11 region to achieve international fame. Her flotilla consisted of several hundred boats and junks, based primarily in Hong Kong and active in Chinese coastal waters. In the late 1970s and early 1980s, pirate groups began to operate in the Malacca and Singapore Straits and Indonesian and Philippine waters. Between 1981 and 1985, there were 179 pirate attacks on trade vessels in these straits and from the mid-1990s, this number started to rise dramatically, reaching a peak at the turn of the millennium. Between the 1950s and 1980s, the number of pirate attacks was insignificant and they rarely resulted in physical harm to the sailors. Pirates avoided killing those on board or taking hostages during attacks and behaved much like normal robbers. They usually isolated crew members and passengers in their cabins, took valuables and disappeared. Soviet ships often experienced such attacks when at port in India, Bangladesh, Sri Lanka and Singapore. For example, the crew of the Leninogorsk from the Black Sea commercial fleet had to repel pirates a number of times during voyages to these countries (September-December 1964). On the night of 19 April 1977, the crew of the Valentin Khutorskiy fought off an attack by Malaysian pirates when at anchor in Singapore. The crews of the Black Sea commercial fleet ships Mozyr (January June 1976), Kapitan Leontiy Borisenko (November 1986 February 1987) Kapitan Alekseyev (March-August 1987), Mekhanik Bardetskiy (September 1987 February 1988), Zadonsk (January-June 1988) etc., had to pay particular attention to preventing pirate attacks when passing through the Malacca and Singapore Straits. After unsuccessful attempts by sea robbers to board the vessels, the crews carried out vigilance shifts at night, particularly when passing narrow waters or when anchored at port. On 11 March 1983, the Black Sea commercial fleet ship Sovetskiye Profsoyuzy repelled an attempted pirate attack when in the Gulf of Kachch close to the Port of Mumbai from Kandla to Mumbai. At 1630hrs a boat approached the ship using a light to signalling to it to stop and then fired at the ship s hull. However, thanks to the professionalism of the captain and crew, the pirates attempts were unsuccessful. On 6 July 1983 at 2330hrs, the 9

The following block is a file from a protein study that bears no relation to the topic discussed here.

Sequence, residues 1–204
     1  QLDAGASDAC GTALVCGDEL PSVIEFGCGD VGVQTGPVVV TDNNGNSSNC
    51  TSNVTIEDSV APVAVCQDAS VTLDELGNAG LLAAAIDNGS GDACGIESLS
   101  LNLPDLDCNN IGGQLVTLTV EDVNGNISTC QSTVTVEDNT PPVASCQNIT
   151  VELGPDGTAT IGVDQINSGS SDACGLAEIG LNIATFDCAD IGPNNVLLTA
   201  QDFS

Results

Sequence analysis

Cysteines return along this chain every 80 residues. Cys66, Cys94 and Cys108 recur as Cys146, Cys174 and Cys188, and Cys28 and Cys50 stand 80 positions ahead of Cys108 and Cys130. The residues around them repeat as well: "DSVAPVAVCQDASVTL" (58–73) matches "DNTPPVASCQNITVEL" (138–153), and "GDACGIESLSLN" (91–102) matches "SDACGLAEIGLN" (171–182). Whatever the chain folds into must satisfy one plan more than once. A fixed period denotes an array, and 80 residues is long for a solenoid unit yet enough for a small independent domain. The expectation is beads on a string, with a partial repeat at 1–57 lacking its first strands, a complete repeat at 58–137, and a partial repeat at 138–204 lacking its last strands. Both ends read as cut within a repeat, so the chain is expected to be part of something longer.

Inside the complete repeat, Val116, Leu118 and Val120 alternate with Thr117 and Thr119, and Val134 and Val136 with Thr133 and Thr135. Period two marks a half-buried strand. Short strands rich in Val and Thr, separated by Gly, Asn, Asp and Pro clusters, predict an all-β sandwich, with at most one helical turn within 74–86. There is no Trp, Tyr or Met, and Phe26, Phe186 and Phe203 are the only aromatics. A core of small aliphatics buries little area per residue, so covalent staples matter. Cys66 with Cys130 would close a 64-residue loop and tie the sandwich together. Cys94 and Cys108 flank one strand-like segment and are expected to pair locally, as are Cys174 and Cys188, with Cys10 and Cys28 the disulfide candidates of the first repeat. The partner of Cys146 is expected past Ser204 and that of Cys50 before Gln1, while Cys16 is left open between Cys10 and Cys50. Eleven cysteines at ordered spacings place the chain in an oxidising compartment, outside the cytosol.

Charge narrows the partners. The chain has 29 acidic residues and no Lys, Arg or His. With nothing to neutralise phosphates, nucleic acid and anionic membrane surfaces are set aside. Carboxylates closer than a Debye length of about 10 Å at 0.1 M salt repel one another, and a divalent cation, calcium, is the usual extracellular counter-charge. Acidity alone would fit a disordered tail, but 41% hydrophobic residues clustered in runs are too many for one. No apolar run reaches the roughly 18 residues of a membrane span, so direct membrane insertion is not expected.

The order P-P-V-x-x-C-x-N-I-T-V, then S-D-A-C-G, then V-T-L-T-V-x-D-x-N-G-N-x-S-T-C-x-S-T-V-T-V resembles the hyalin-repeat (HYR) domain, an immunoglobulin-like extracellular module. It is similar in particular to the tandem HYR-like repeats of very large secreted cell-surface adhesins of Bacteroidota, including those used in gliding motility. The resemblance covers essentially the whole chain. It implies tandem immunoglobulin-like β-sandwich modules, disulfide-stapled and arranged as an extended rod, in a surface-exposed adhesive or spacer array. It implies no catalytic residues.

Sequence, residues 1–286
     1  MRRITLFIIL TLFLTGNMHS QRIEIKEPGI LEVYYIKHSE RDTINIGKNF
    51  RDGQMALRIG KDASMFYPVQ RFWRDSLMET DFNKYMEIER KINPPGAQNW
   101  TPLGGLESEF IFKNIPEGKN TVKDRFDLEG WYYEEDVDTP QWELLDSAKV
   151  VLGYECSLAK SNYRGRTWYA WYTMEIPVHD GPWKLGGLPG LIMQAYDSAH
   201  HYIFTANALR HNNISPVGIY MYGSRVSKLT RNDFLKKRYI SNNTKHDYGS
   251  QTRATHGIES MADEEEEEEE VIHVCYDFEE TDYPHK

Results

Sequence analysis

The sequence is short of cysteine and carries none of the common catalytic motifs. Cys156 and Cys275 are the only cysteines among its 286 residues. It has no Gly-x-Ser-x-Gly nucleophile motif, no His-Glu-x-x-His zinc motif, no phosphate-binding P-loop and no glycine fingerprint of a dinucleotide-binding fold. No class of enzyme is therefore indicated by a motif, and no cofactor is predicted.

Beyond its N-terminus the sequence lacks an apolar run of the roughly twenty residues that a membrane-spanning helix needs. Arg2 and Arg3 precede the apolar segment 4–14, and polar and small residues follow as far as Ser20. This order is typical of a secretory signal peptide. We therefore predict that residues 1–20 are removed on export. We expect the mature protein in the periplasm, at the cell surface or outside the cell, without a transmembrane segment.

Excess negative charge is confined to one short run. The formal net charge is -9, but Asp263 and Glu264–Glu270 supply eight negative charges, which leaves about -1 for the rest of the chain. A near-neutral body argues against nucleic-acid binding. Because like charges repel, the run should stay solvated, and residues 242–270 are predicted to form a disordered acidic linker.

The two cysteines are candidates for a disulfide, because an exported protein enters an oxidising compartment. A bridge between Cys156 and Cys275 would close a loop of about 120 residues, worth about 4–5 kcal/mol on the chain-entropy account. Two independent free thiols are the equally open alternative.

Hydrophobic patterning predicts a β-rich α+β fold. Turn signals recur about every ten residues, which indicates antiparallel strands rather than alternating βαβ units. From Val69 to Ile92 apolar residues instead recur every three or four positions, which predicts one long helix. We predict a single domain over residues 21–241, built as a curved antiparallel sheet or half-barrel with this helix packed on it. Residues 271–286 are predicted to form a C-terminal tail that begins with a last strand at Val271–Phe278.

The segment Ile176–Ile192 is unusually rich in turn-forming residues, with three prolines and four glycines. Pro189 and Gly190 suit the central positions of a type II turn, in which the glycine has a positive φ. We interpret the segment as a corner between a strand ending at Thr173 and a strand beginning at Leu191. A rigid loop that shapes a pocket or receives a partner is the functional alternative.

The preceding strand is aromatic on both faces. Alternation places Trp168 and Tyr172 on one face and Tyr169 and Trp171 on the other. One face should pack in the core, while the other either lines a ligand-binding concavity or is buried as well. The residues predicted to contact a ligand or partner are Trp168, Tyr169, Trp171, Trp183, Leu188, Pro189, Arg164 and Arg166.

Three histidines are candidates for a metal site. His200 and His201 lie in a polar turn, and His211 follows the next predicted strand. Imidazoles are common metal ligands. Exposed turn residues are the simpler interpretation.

12 Kapitan Slipko was attacked by a group of pirates in the Singapore Strait when sailing from the Shuaiba Port, Kuwait. The pirates stole some of the vessel s goods and unsuccessfully tried to rob the captain s cabin and bars of bronze from the ship. On 15 January 1987, the Black Sea commercial fleet ship Svoboda was attacked in the Malacca Strait, 50 miles from Singapore. A group of pirates forced their way on board during the night to rob the ship, but the crew managed to fight them off unaided. On the night of 3 March 1987, the Black Sea commercial fleet ship Slutsk was attacked when sailing in open waters from Singapore to Vietnam. A pirate boat approached from the stern and three pirates climbed onto the deck using a rope ladder with hooks. The bandits burst into the cabin of senior mechanic V Marakov and blocked the exit, demanding money and valuables in broken English. After the alarm sounded, the armed crew forced the attackers off the ship and they fled. Because the senior mechanic had sustained injuries during the attack, the ship returned to Singapore. From the early 1990s, the number and frequency of attacks began to spiral out of control. Pirates never hid when attacking locally registered small vessels and junks and did not treat the crew and passengers particularly well, killing unnecessary witnesses. In 1980, a group of refugees from Vietnam was attacked in open waters and the pirates dragged the motor out from the boat; the boat drifted in the ocean for 36 hours until it was picked up by fishermen. On 18 June 1989, one of the most brutal incidents took place, when Thai pirates attacked junks carrying 150 illegal immigrants from Vietnam. The pirates stole valuables and then drowned the refugees, including small children. They took 13 teenage girls and young women aboard two of their schooners (previously fishing boats), violated them, and threw them overboard. In September 1989, in Malaysian territorial waters, Thai pirates killed and discarded the bodies of 35 people. In order to hide their traces, they mutilated their victims bodies using the boats propellers. Pirates also killed and took hostage crew members of large vessels. In November 1998, pirates beheaded 23 crew members of the Chinese bulk carrier Chung Son in the Strait of Taiwan, and then sold the boat. 10